If there is a downside to this flexibility it is that analytical certainty must be replaced with numerical convergence. Sinitskaya and Tesfatsion (2015) highlight this by comparing numerical solutions to a lifecycle optimisation problem within an ABM to a known analytical solution. The numerical solution methods do not reach precisely the same outcome as the analytical solution. But for most problems in macroeconomics, the accuracy in how a problem is posed is likely to be a far larger source of error than the lack of precision in the numerical solution of that problem. Indeed, this is another example of the bias-variance trade-off.

The modelling philosophy also differs with respect to interpretation of results. It is useful to think of ABMs as a machine for generating many alternate realisations of the world. Just as in real experiments, it is useful to make many repeats with both control and treatment groups. If the future distribution of one particular variable were truly uncertain, say income y such that \(y \thicksim f\), an ABM could be run not just with millions of possible draws from the same distribution f but also from an entirely different parametric or empirical distribution g. In an ABM, it is possible to do this by changing a single line of code. In more analytical models, it might not be possible at all to do so. Due to the complexity of the interactions within an ABM, it may also be necessary to treat the outcomes as one would real experimental data, with the machinery of hypothesis testing and confidence intervals.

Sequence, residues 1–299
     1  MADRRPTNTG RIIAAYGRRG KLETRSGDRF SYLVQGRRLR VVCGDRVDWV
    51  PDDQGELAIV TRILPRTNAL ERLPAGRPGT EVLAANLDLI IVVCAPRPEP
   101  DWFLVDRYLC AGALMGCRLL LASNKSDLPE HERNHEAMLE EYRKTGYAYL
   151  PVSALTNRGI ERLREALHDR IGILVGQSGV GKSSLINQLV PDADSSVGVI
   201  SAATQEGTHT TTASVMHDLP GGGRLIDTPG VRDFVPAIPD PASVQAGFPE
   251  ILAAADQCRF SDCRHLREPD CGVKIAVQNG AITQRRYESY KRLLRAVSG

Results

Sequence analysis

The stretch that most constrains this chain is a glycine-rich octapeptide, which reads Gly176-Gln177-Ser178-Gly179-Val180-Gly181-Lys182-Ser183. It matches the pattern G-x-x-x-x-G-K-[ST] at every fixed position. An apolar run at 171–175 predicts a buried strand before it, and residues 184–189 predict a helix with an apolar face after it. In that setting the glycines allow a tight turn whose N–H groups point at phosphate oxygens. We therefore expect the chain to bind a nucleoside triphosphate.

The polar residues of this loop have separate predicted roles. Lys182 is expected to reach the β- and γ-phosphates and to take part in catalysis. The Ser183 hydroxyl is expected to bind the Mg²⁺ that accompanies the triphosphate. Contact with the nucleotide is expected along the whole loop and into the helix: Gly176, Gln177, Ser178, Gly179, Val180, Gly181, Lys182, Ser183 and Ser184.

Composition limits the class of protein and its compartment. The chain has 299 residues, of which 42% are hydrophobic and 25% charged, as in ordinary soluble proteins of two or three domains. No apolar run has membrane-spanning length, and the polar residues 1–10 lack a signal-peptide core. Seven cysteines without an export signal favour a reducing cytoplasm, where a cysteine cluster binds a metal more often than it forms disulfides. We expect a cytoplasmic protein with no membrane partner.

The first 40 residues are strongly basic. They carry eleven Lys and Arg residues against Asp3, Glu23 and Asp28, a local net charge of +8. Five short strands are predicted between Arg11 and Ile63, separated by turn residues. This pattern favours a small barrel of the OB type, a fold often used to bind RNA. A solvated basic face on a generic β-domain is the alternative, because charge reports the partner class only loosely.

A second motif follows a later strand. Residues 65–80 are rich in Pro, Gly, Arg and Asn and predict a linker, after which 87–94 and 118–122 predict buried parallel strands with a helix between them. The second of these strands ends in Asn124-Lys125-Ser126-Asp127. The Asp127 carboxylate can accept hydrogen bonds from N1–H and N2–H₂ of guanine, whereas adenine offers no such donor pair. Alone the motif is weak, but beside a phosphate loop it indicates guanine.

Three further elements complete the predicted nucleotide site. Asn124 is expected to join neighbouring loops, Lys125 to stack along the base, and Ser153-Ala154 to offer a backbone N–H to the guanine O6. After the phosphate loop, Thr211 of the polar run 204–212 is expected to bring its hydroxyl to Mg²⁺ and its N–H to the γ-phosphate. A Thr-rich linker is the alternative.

As with all models, it is nonsensical to have more free parameters than imposed or calibrated parameters. ABMs have been accused of being full of free parameters, but this is bad modelling rather than an intrinsic feature of ABMs. One measure of all models is how parsimoniously they describe the empirical data. Macroeconomic ABMs can match both micro and macro stylised facts for most, if not all, the entries in Table 1. For instance, both Gualdi et al. (2015) and Caiani et al. (2016) match the frequency and the extent of the cyclicality in productivity, nominal wages, firms’ debt, bank profits, inflation, unemployment, prices and loan losses, while Dosi et al. (2015) reproduce, amongst other features, the distributions of output growth and the duration of banking crises. By simulating every individual actor within an economic system, all moments of distribution functions are accessible to ABMs.